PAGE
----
The new sci-fi action thriller, directed by Scott Beck and Bryan Woods, makes it clear that we currently have a relatively incomplete view of the world that dinosaurs inhabited: the Late Cretaceous.
Scott Beck and Bryan Woods (the writers behind the remarkable franchise a place in silencestarring John Krasinski and Emily Blunt) are responsible for directing 65: On the brink of extinctionan action and science fiction thriller that has a substantial budget and that you can already enjoy in theaters Cinepolis and Cinemex.
The film centers on Mills (Adam Driver), a man who has accepted a job opportunity as the leader of a deep space exploration mission. The job will take him away from his family for two years, and he is reluctant to leave his daughter, Nevine (Chloe Coleman), behind. During the voyage, Mills’s ship is hit by asteroids, causing a forced landing on a mysterious planet where, before any alien force, it is dinosaurs that emerge from the darkness as the main threat.
The also directors of haunt, in addition to having an attractive protagonist, they have a premise that is worth paying attention to due to the story of survival, the race against time and the subtle reflections on the human condition and the obsession to control space and time. However, there’s something a little off about this movie, as Beck and Woods aren’t specific about the prehistoric references they allude to.
The trick that almost every dinosaur movie tries to pull off is how to get in touch with the terrible lizards. Sometimes the creatures live on a lost world, a plateau or an island where the Age of Reptiles never ended. Jurassic Park by Steven Spielberg popularized another method: genetic reinvention, bringing dinosaurs back to the world they were supposed to rule.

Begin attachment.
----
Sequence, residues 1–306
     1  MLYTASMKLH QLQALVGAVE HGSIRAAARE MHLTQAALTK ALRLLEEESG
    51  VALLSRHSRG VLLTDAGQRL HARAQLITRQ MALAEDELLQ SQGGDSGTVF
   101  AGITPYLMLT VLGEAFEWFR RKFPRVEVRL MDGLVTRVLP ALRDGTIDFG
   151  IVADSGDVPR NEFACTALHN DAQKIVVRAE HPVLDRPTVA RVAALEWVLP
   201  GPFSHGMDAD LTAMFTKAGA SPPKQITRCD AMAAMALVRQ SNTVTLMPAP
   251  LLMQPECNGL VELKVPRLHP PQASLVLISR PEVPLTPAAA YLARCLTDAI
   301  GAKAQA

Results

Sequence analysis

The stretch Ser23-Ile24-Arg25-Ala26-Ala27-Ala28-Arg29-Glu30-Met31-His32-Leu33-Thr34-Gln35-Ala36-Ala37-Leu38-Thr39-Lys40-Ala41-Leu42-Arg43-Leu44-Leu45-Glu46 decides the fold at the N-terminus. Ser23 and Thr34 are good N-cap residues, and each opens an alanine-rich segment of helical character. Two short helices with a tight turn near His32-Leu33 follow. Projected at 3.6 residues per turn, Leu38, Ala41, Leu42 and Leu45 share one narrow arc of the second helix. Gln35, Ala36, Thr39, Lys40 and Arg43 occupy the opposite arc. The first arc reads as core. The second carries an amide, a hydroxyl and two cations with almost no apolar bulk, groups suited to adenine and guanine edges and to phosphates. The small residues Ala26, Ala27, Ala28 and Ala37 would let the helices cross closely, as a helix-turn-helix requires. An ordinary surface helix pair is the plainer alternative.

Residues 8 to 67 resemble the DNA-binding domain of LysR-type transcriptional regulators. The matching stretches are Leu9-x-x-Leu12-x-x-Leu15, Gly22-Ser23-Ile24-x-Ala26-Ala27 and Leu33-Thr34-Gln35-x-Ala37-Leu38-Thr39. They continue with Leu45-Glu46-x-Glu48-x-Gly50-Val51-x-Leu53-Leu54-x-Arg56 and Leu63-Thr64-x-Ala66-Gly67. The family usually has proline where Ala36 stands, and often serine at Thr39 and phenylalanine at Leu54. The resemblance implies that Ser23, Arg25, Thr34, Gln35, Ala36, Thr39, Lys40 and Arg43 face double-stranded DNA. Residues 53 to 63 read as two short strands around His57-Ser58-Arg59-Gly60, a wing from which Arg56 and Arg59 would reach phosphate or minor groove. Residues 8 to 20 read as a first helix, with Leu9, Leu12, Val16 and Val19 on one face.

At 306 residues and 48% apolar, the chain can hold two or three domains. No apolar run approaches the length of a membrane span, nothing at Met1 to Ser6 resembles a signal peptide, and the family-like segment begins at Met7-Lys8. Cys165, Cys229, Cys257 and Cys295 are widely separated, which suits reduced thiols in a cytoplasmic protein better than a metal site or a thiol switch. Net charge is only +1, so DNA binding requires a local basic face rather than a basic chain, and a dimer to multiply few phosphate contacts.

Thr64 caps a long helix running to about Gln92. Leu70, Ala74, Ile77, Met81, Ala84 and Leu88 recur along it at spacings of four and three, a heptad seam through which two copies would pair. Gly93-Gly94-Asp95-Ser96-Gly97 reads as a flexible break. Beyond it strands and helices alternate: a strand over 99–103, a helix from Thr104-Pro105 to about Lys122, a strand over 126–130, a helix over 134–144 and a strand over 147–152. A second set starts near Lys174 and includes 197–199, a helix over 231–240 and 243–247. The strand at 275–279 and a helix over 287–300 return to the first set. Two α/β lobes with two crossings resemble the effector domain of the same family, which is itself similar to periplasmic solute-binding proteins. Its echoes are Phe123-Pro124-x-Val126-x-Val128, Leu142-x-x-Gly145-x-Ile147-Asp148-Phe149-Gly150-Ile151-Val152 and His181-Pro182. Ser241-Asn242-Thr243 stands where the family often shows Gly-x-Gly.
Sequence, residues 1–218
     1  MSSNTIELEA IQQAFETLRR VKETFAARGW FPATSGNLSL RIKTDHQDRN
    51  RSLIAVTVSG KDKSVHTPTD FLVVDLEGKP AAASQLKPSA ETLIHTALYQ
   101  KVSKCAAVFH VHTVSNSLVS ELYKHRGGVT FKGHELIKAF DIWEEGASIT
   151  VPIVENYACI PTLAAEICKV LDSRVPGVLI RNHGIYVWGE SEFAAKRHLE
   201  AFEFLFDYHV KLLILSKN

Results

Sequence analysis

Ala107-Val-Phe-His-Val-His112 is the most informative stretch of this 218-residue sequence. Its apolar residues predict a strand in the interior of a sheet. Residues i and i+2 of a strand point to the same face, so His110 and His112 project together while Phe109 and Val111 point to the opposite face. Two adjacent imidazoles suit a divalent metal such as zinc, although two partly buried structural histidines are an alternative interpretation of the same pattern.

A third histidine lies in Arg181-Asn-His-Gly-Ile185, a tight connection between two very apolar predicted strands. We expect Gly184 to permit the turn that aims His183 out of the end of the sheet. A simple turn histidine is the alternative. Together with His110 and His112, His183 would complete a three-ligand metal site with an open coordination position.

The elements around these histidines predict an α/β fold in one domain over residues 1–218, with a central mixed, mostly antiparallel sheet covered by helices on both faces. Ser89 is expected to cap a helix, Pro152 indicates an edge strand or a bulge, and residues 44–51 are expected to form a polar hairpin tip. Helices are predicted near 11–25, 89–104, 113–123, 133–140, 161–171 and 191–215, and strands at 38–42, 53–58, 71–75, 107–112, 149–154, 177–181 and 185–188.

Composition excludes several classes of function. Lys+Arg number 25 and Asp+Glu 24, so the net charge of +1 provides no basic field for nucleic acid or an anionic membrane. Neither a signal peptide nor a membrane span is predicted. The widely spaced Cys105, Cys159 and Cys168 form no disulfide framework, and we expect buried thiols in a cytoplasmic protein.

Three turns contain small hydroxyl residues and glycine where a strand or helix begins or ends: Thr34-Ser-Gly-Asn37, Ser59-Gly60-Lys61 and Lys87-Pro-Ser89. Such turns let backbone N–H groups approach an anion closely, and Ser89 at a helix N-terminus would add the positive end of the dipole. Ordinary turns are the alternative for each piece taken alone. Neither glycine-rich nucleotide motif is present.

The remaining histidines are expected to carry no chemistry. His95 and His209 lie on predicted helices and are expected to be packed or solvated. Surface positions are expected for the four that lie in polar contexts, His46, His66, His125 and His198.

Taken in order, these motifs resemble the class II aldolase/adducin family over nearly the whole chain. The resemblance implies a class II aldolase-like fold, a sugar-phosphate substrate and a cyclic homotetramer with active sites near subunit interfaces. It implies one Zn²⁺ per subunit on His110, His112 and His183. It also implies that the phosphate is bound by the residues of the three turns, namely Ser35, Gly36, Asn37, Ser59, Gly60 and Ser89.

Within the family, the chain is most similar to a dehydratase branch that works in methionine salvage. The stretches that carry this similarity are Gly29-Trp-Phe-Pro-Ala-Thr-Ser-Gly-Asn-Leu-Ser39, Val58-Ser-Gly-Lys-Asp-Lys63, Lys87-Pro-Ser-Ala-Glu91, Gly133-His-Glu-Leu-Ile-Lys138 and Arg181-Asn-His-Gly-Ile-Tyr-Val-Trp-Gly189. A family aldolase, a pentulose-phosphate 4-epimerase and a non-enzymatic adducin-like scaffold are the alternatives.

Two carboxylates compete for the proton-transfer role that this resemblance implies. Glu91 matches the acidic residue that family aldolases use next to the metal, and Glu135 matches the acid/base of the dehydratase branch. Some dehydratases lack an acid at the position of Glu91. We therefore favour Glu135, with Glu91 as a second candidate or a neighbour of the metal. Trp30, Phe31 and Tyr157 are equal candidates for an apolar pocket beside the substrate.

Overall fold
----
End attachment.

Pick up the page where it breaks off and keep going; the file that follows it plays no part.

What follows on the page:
65: On the brink of extinction, which presented some challenges and challenges for Driver and his co-star Ariana Greenbalt, tries something a little different, with future humans appearing to drift through space and time to land on Earth just before the Cretaceous reaches its end. However, the film’s title and reference to arriving on a planet that represents a past time of 65 million years ago is a dinosaur-sized mistake.
As Riley Black, a specialist in science, paleontology, and natural history, reminds you, the International Commission on Stratigraphy, or geologists who determine Earth’s time scales, revised the end of the Cretaceous period to about 66 million years ago instead of the previous estimate of 65.5. In the event of traveling to Earth some 65 million years ago, during a time called the Paleocene, we would find thick forests where the descendants of the mammals that survived the asteroid impact began to grow.. This means that creatures like Triceratops and other dinosaurs would have gone extinct a million years ago.